|Publication number||US5780120 A|
|Application number||US 08/769,137|
|Publication date||14 Jul 1998|
|Filing date||18 Dec 1996|
|Priority date||22 Dec 1995|
|Also published as||DE69607450D1, DE69607450T2, EP0783191A1, EP0783191B1|
|Publication number||08769137, 769137, US 5780120 A, US 5780120A, US-A-5780120, US5780120 A, US5780120A|
|Inventors||Christian Belouet, Dominique Boccon-Gibod, Sylvaine Kerboeuf|
|Original Assignee||Alcatel Alsthom Compagnie Generale D'electricite|
|Export Citation||BiBTeX, EndNote, RefMan|
|Patent Citations (3), Non-Patent Citations (8), Referenced by (26), Classifications (17), Legal Events (13)|
|External Links: USPTO, USPTO Assignment, Espacenet|
The present invention relates to preparing the faces of lasers based on III-IV compounds, and in particular GaAs/GaAlAs pump lasers operating at 0.98 μm. This is the example described below by way of non-limiting indication.
An important limit on the lifetime of GaAs/GaAlAs lasers is due to sudden and irreversible deterioration of the faces. The origin of this phenomenon is attributed to a process involving a cascade of events and in particular carrier recombination in fault-containing zones of the faces, a reduction in the width of the forbidden band in said zones due to the heating caused by the carrier recombination, and finally increasing optical absorption of the radiation emitted by the laser due to the reduction in bandwidth. These phenomena contribute to accelerated heating of the faces of the laser and lead finally to irreversible destruction of the faces of the laser, which is known as "catastrophic optical damage" (COD).
This destruction has been observed and studied in detail, in particular in the document "Degradation behavior of 0.98 μm strained quantum well in GaAs/AlGaAs lasers under high power operation" by Mitsuo Fukuda, Masanobu Okayasu, Jiro Temmyo and Jun-ichi-Nakano, IEEE, Journal of Quantum Electronics, Vol. 30, No. 2, February 1994, pp. 471-476.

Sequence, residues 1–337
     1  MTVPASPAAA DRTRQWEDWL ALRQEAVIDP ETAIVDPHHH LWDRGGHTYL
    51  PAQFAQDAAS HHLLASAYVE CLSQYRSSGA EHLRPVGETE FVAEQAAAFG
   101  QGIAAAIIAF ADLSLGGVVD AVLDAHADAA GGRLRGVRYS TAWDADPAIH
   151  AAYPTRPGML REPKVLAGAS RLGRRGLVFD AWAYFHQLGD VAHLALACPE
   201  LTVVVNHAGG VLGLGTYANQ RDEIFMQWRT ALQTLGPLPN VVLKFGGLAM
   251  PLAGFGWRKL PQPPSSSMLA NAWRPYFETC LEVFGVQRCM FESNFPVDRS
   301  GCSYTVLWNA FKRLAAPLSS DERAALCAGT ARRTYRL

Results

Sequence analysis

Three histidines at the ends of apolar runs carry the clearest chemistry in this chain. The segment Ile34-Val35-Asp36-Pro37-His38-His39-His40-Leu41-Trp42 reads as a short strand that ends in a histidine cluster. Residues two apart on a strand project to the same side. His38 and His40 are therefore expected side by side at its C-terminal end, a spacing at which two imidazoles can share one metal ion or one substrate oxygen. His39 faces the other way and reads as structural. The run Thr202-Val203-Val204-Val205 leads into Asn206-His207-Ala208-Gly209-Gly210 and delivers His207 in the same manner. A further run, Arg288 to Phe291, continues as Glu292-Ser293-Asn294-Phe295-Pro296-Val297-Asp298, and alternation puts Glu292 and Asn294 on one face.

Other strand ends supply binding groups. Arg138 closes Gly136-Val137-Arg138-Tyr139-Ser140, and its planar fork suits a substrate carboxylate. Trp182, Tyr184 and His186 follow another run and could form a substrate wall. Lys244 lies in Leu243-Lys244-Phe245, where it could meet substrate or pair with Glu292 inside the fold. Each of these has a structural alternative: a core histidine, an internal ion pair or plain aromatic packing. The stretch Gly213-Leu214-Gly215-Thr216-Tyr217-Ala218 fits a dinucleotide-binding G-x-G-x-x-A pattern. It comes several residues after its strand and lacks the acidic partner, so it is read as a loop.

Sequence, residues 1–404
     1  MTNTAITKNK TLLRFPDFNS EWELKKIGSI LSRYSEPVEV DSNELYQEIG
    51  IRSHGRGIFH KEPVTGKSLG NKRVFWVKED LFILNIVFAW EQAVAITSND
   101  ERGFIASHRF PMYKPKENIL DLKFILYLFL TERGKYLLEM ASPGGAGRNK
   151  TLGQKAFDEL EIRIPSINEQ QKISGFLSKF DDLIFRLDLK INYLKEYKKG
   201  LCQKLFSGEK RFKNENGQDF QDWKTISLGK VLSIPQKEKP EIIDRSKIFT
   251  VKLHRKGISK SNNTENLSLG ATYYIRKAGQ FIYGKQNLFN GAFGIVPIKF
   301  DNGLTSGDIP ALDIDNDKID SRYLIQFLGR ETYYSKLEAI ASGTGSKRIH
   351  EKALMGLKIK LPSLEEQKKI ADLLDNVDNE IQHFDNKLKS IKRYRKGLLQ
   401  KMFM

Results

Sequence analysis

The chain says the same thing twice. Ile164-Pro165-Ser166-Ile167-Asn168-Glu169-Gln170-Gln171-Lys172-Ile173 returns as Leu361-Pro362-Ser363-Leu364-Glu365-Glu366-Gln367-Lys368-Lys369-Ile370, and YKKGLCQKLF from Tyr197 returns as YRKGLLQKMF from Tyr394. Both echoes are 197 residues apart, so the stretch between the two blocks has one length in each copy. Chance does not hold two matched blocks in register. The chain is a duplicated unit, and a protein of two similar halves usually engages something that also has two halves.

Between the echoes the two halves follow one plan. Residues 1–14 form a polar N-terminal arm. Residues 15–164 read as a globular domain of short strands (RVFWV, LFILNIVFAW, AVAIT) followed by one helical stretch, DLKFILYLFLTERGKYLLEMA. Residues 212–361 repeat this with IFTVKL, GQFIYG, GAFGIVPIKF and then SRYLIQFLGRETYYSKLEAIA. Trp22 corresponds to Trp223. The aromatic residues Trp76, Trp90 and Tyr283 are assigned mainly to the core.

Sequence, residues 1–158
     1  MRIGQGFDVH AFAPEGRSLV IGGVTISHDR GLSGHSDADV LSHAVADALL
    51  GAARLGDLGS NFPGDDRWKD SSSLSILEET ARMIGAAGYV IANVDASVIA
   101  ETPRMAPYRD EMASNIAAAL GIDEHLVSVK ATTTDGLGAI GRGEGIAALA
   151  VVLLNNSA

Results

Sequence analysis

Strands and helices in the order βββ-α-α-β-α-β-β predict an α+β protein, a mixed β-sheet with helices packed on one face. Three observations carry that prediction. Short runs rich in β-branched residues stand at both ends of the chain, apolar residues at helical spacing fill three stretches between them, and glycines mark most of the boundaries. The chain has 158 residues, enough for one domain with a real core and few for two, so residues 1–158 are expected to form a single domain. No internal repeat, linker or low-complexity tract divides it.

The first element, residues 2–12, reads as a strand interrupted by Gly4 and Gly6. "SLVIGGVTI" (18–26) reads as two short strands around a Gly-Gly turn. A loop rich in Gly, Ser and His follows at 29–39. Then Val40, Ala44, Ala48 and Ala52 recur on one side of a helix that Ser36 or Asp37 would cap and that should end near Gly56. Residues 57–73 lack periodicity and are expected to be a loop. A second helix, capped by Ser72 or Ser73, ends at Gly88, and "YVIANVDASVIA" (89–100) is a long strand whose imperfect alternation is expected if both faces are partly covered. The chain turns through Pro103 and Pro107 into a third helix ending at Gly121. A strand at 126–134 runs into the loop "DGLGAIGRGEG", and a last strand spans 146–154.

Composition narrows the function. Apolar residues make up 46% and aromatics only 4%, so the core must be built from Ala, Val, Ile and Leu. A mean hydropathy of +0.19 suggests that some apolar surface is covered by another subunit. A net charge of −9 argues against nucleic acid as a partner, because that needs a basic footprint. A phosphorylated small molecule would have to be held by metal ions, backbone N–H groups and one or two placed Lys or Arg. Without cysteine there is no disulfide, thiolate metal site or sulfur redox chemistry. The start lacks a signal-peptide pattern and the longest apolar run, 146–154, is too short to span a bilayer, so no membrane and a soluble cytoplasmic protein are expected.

One of the problems posed is thus to minimize carrier recombination on the faces of the laser. This recombination is stimulated by the presence of oxides which form during or after the technological steps associated with the making of the faces.
To minimize oxidation, proposals have been made, in particular in document EP-A-0 416 190, to make the faces of the laser by cleavage in an ultra-vacuum (about 10-12 mbar) and to proceed with depositing a passivation layer.
Implementing that technique requires major investment giving rise to high manufacturing cost.
A first object of the present invention is to provide a method of preparing faces which is cheap.
Proposals have been made to make the passivation layer by thermally evaporating silicon. That evaporation technique has the drawback of taking a very long time, e.g. about 1 hour, to obtain a passivation layer that is about 5 angstroms (Å) to 10 Å thick. Also, in that technique the silicon atoms arrive with low energy and they attach poorly. Finally, in that technique, it is necessary to perform the operation with an oxygen partial pressure that is very low in order to avoid depositing oxygen simultaneously with the silicon. It has been calculated that if it were desired to obtain a deposit having only one atom of oxygen per 1,000 atoms of silicon, it would be necessary to lower the partial pressure of oxygen to below 10-12 mbar, which is prohibitive and returns to the difficulties mentioned above.
A second object of the invention is to provide a passivation method that enables passivation material to be deposited quickly enough for the oxygen content to be small enough without requiring too small an oxygen partial pressure to be obtained.
The article "Novel technique for fabricating non-absorbing mirror laser" by Gabgyu Lim, Jaeho Lee, Gueorugi Park, and Taeil Tim, published in XIV IEEE Semiconductor Laser Conference, Sep. 10-23, 1994, describes the use of an excimer laser for treating the faces of a laser that have just been cleaved by annealing. That document that does not mention the face treatment energies.
A third object of the present invention is to define operating conditions making it possible to obtain best results.
The invention provides a method of preparing faces of a laser based on III-IV compounds, the method comprising the following operations:
1) the faces of the laser are opened;
2) said faces of the laser are placed in an enclosure in which there obtains a pressure of about 10-7 mbar to about 10-8 mbar, and they are subjected to a step of cleaning by irradiation with a pulsed laser; and
3) the same pulsed laser is used to ablate a target so as to subject said faces to a passivation operation whereby silicon Si or gallium nitride GaN is deposited thereon by the pulsed laser deposition method until a thickness is obtained lying in the range 2 Å to 20 Å.
Advantageously, operation 2) is performed in the same enclosure as operation 1).
When the deposit is of gallium arsenide, said deposition is performed by pulsed laser ablation of a liquid gallium target in a nitrogen atmosphere with an ECR plasma being created.